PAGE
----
Will Darjeeling’s toy train die of privatization?


Darjeeling Rail services, which were closed for one and a half years due to Corona epidemic, have resumed, but the sword of privatization is hanging on this narrow gauge line of Himalayan Railway, popular among tourists. The trains which have been decided to be leased out to the private sector include the Darjeeling Himalayan Railway’s (DHR) toy train included in the UNESCO Heritage List. Due to this, tourists and people associated with this industry are apprehensive. They fear that as soon as it goes into private hands, this train, which has been the center of tourist attraction, will lose people’s interest, the fare will increase and its heritage value will be lost. This service was closed from New Jalpaiguri to Darjeeling since last year due to Corona epidemic. In January last, it was run between Darjeeling to Ghoom. But it was closed in the second wave of Corona. This service between New Jalpaiguri to Darjeeling was stopped since last year. This service, about 141 years old, is included in the UNESCO Heritage List. This train has been the biggest center of attraction for tourists visiting Darjeeling. After being closed for a long time, this toy train has started again from August 25. Opposition to privatization With the re-start of this train, there is hope of getting some support to the economy of the region based on tourism.

But with the decision to hand it over to private hands, the clouds of doubt have started deepening over the future of this historic train. Union Finance Minister Nirmala Sitharaman has announced the identification of 400 railway stations, 90 passenger trains, 15 railway stadiums and several railway colonies for the privatization of railways. Along with this, the government has also talked about privatization of railways in Konkan and some other hilly areas. As a precaution, instead of using the word privatization in this matter, the government calls it Public Private Partnership. According to the Finance Minister, vacant railway lands, colonies, stadiums and trains will be given in private hands for development. With this private partners will invest and earn their profits for twenty to ninety years. But the ownership will remain with the government. With this, the rapid development of railways will be possible. Fearing heritage status, tour operators of the area are opposing the Centre’s decision to hand it over to private hands. He argues that this will lose its importance. All the organizations associated with the tourism industry have also decided to send a letter to the Center demanding reconsideration of this decision.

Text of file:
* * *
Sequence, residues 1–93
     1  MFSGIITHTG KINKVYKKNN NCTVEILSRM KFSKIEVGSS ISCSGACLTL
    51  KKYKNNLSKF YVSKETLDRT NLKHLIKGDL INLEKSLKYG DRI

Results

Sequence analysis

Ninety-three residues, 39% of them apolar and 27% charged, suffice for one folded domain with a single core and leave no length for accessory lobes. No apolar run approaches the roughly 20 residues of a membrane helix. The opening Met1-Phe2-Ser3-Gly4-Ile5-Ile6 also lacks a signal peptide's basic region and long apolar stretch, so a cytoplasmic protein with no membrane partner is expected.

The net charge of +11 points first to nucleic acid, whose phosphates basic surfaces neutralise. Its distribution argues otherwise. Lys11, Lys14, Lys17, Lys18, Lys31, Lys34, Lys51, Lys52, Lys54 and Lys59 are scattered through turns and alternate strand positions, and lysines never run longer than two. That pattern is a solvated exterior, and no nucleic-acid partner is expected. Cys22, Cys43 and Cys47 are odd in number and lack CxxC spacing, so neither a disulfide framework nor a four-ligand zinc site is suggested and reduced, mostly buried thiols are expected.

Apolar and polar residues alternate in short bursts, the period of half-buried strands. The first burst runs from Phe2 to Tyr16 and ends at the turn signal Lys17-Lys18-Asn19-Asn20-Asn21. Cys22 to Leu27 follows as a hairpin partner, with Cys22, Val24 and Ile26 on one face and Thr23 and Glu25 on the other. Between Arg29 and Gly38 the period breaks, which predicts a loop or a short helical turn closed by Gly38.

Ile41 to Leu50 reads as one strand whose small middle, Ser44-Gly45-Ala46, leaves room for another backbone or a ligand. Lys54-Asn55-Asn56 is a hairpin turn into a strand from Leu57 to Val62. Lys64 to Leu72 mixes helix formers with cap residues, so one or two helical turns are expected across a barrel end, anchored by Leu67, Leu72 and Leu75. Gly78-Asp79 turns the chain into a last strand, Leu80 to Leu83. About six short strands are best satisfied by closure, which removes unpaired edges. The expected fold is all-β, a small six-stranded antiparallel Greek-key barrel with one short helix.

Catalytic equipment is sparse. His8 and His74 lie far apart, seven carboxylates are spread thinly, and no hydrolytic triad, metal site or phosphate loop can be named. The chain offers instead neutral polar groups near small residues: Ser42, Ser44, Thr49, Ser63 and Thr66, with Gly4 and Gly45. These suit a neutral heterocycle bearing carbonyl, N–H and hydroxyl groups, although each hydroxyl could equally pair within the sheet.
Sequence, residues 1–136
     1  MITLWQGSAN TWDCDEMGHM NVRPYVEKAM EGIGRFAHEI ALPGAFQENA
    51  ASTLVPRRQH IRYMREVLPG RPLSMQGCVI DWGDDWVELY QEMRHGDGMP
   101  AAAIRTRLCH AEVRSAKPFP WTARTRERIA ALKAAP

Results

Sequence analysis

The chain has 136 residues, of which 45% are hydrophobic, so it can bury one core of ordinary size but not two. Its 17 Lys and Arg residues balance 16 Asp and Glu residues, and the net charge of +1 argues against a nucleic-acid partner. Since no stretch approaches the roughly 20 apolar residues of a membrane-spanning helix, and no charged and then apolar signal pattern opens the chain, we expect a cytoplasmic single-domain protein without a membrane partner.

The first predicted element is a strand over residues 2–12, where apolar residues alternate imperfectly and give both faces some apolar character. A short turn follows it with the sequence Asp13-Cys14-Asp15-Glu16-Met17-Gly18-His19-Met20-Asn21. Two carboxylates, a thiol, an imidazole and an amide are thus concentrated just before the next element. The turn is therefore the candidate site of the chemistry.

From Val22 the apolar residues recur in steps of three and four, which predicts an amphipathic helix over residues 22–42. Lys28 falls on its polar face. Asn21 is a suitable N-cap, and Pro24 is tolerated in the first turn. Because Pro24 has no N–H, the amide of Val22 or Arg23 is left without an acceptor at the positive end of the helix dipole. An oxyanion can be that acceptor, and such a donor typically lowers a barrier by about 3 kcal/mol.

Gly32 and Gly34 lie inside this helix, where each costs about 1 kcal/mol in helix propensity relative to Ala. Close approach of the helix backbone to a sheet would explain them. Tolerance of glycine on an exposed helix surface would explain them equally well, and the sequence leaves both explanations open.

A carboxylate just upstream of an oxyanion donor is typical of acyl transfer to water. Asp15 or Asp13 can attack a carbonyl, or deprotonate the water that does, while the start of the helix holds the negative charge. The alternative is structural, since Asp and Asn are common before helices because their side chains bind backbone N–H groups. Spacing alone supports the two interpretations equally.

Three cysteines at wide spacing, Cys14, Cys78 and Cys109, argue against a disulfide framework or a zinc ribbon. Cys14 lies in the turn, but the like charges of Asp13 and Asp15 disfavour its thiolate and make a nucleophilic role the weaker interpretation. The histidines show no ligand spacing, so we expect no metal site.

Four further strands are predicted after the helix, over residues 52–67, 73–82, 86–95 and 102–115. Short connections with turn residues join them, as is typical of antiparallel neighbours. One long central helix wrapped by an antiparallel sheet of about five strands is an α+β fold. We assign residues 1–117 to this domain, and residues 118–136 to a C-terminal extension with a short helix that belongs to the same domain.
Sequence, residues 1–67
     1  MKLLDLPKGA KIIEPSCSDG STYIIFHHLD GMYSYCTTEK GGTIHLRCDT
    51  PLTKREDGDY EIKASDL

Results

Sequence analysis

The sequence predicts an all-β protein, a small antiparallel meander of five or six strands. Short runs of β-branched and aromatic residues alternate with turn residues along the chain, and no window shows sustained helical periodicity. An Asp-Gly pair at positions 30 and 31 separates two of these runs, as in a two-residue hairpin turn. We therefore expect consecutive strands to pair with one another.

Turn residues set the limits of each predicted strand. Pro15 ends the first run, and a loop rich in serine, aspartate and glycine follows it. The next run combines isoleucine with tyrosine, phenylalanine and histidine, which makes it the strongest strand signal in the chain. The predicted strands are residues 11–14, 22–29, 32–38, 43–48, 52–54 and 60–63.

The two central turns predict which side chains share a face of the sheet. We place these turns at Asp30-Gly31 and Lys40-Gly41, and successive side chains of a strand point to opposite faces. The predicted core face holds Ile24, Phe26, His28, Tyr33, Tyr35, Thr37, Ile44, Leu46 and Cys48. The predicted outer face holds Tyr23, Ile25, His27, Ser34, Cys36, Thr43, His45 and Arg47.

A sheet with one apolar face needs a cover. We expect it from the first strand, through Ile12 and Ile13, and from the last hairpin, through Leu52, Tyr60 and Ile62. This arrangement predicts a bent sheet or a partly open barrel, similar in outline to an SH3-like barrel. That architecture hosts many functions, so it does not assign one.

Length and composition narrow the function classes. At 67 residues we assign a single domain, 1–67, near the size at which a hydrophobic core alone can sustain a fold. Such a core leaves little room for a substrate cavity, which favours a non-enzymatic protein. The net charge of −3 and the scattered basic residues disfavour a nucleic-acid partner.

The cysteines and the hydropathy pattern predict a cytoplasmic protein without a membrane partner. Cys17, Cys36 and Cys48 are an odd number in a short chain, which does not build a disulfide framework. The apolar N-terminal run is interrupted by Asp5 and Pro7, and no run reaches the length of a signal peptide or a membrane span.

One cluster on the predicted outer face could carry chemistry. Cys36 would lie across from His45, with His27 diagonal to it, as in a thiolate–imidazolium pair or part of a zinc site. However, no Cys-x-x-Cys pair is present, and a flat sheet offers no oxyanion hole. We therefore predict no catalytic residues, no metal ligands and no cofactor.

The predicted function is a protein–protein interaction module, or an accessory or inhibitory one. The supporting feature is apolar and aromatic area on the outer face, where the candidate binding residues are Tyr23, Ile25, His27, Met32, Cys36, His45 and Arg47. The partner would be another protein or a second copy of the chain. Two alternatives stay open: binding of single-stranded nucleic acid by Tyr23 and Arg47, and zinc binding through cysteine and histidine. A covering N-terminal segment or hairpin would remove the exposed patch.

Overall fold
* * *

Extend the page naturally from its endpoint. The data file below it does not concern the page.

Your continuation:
Samrat Sanyal, general secretary of the Himalaya Tourism Development Network, says, “In my opinion, this will increase the problem which will have an impact on tourism. We will send a letter to the Centre.” Raj Basu, general secretary of DHR India Support, says, “Privatization can be done. There should not be any threat to the heritage status of the train. The Center should take care of this aspect.” West Bengal Tourism Minister Gautam Deb has also opposed the Centre’s decision. He says, “This will increase the train fare wildly. The central government is bent on selling everything. We will oppose it with all our might.” Vishwajit Das, general secretary of the Federation of Chambers of Commerce and Industries, North Bengal, says, “This train should be managed better in the present situation. The organization is against its privatization.” On the other hand, Siliguri’s BJP MLA Shankar Ghosh has welcomed the decision. He says, “It will lead to development of the area, tourism This will help the industry to develop and new employment opportunities will be created.” History of Toy Train This short line train has a history in itself. This railway line was constructed between the year 1879 to 1881.

This line is at an altitude of about 22 hundred meters above sea level in Darjeeling. After Franklin Prested, an agent of the Eastern Bengal Railway, came to the mind of this, it took almost eight years to prepare its plan. For the first time on April 4, 1881, this train reached Darjeeling from Siliguri. Till the eighties, this train was the main means of supply of food grains and other goods in the mountainous area. But after it took more time and the roadway was ready, this work started being done by road. In the year 1999, UNESCO included it in the list of World Heritage. Apart from the common tourists, this train has also been the center of attraction for Bollywood for many decades. Songs and scenes of many films including Aradhana have been shot on it. Shubhanan Chanda, Chief Public Relations Officer, Northeast Frontier (NF) Railway says, “This train has started again from today. There will be 17 seats in the first class for passengers and 29 seats in general. It is expected that this train will again be the same as before. Will prove to be popular.” See also: The world of trains in a hall.


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